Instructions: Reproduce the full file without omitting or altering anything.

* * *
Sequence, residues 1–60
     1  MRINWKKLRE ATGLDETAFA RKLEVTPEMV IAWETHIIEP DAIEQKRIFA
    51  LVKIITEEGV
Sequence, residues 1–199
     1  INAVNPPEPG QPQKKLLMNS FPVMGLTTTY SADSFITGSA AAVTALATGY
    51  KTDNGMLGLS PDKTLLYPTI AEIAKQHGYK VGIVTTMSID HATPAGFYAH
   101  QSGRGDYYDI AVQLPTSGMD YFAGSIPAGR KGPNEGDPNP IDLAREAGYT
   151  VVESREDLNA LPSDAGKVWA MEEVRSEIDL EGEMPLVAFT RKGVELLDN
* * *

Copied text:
Sequence, residues 1–60
     1  MRINWKKLRE ATGLDETAFA RKLEVTPEMV IAWETHIIEP DAIEQKRIFA
    51  LVKIITEEGV
Sequence, residues 1–199
     1  INAVNPPEPG QPQKKLLMNS FPVMGLTTTY SADSFITGSA AAVTALATGY
    51  KTDNGMLGLS PDKTLLYPTI AEIAKQHGYK VGIVTTMSID HATPAGFYAH
   101  QSGRGDYYDI AVQLPTSGMD YFAGSIPAGR KGPNEGDPNP IDLAREAGYT
   151  VVESREDLNA LPSDAGKVWA MEEVRSEIDL EGEMPLVAFT RKGVELLDN